I think we’ve done ourselves a disservice by the way we talk about hope. We say things like, “on wing and a prayer” or whisper wishes for “glimpses of hope.” But not Moses. According to Gregory, Moses made a bold request as he went up the mountain: to see hope as real as it could get, right in front of his very own eyes. Of course, what he was asking for was to see God.

One of the lessons for me in all of this is that we must be willing to tell the truth about our “darknesses” and enter into them in order to see God through them. We have to be brave enough to take the risk of opening our eyes in spaces that scare us and seem void of hope, stubbornly looking for the beautiful if we want to see our hope become real. We may even have to become the beautiful, shining with the glory of God in dark places.

I’m reminded of the hopefulness that filled Jesus’s prayer for us to be in God, and that the world might know how much God loves us (John 17). He literally became that beautiful message, a beacon of hope, shining in the darkness. The one who is our hope is full of hope for us. I find that very beautiful indeed.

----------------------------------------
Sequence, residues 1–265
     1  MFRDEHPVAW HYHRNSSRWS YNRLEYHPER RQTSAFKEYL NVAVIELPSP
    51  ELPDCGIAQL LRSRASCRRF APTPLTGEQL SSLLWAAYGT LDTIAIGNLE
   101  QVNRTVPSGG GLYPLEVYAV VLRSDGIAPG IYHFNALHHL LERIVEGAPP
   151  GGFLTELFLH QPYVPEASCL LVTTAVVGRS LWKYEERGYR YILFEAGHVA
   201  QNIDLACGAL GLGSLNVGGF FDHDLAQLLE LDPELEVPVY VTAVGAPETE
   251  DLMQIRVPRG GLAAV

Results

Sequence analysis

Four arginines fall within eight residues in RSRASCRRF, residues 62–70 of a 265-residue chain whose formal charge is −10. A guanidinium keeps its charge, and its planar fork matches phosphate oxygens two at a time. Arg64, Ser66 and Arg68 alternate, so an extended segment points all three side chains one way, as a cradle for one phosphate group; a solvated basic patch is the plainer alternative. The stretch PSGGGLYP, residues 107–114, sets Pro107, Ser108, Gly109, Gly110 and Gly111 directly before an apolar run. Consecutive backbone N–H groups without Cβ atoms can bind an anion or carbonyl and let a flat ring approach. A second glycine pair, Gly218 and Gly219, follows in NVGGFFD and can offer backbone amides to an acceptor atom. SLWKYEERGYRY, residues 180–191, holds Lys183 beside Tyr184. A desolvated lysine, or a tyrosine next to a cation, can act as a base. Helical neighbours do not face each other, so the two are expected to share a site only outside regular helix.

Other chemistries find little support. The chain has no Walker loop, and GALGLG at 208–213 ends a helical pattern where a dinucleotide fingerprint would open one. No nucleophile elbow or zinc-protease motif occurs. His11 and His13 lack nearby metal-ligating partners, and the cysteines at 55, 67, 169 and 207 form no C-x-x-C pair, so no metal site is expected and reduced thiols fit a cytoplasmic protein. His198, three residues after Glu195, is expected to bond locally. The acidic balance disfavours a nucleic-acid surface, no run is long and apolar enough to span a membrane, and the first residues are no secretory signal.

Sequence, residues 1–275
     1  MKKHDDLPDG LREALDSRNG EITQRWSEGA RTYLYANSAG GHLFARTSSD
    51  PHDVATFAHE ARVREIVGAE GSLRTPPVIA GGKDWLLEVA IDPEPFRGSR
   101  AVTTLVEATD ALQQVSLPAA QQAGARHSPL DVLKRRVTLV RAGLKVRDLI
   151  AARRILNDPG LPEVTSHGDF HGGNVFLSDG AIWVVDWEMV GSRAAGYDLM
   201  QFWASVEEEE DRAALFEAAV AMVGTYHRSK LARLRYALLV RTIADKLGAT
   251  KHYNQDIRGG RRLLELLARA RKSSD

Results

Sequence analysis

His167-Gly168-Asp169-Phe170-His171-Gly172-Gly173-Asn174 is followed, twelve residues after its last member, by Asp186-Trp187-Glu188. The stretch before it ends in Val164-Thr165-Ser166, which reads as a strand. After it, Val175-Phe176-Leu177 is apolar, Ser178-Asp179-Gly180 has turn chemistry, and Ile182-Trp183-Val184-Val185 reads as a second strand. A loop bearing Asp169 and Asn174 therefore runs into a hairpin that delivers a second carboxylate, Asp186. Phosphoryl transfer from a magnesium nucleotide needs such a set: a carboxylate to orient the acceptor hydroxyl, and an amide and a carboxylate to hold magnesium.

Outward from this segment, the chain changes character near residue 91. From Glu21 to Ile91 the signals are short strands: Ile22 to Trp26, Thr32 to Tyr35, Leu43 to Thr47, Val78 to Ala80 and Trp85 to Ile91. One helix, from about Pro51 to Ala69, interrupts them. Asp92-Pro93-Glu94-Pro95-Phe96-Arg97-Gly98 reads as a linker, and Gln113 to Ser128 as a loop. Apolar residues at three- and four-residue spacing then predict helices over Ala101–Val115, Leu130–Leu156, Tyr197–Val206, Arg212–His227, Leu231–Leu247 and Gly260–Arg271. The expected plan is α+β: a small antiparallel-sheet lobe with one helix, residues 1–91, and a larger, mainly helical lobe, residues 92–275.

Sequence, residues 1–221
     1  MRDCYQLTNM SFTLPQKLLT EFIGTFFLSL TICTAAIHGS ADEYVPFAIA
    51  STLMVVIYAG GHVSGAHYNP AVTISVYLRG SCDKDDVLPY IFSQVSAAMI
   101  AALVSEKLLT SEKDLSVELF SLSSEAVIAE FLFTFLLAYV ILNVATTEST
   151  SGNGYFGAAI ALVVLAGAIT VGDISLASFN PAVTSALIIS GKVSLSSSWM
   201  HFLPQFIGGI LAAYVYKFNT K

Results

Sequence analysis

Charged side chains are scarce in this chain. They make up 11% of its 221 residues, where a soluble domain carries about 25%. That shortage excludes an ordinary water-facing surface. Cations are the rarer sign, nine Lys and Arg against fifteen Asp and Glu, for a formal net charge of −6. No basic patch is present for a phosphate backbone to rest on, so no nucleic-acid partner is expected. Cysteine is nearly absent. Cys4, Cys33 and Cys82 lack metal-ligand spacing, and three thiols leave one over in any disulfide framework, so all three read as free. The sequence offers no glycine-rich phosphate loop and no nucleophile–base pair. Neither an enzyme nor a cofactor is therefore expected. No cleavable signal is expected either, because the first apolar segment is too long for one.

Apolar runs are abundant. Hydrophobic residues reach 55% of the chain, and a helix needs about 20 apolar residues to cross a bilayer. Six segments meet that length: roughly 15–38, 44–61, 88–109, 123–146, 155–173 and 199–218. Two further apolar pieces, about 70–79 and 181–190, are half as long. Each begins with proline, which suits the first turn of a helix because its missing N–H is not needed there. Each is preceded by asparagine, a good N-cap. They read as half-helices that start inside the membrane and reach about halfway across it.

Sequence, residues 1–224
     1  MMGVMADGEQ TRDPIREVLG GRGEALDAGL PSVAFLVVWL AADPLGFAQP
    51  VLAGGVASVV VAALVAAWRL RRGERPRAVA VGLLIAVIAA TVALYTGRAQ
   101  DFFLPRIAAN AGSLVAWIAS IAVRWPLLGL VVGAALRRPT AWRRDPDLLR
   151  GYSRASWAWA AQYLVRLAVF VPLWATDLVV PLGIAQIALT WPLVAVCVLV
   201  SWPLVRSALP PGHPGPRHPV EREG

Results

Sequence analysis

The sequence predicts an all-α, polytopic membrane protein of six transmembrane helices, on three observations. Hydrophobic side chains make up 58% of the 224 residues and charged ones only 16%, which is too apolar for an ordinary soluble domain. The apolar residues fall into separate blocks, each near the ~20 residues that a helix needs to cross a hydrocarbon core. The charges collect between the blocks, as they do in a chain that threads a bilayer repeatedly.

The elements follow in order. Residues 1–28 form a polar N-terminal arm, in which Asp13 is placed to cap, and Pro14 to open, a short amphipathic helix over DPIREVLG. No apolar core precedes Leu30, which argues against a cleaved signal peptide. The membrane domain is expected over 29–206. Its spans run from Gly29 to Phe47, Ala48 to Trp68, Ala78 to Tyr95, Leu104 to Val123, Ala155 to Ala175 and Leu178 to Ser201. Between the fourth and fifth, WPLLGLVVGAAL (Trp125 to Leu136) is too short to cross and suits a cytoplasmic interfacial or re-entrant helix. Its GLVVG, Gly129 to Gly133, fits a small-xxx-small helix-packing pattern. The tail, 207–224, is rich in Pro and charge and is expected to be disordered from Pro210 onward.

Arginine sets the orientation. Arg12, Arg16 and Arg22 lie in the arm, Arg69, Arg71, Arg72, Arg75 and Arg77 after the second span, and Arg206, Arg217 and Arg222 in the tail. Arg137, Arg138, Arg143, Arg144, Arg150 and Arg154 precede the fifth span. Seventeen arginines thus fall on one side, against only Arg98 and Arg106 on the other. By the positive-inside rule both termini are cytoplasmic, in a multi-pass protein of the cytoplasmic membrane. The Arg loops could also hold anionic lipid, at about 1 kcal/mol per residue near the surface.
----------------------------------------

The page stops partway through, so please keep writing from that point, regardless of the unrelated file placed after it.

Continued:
Photo: the region of Sinai where Moses pursued God, taken by the author.

Chelsey Harmon

Chelsey is a minister in the Christian Reformed Church, currently serving her calling through full-time study at Regent College in Vancouver, British Columbia. As part of a ThM in Spiritual Theology, she spends her time reading, researching and writing about 17th century Puritan Mysticism (experiencing the presence of God). Chelsey also writes the weekly Lectionary Gospel Sermon Commentary for the Center for Excellence in Preaching.


  • Daniel Meeter says:

    Thank you very much for this.

  • Deb Mechler says:

    Thank you for your thoughtfulness and spiritual energy in writing this. Contemplation leads to action, but as you say, we need to be willing to sit in our “darknesses” to see God in ways we could do no other way. Then the beauty is so compelling, we cannot help but shine, and act.

  • James C Dekker says:

    Thank you for this fine synthesis of parts of a book of which I’d never heard before. As I read and reread it, I was struck by its resonance with a much newer, yet strikingly deep piece of literare pop culture, namely the remarkable song “The Pearl” by the no less renarkable Emmylou Harris. I invite others to look up and listen repeatedly to the song, but offer here only this teaser:
    “Seeking out some half remembered shore
    We drink our fill and still we thirst for more
    Asking if there’s no heaven what is this hunger for?”
    It is a deeply haunting and yearningly evocative work.

    • Deb Mechler says:

      And I was reminded of Sara Groves’ “It Might Be Hope.”
      Hope has a way of turning it’s face to you
      just when you least expect it
      You walk in a room, look out a window
      and something there leaves you breathless

      Thanks, James. I’ll check out “The Pearl.”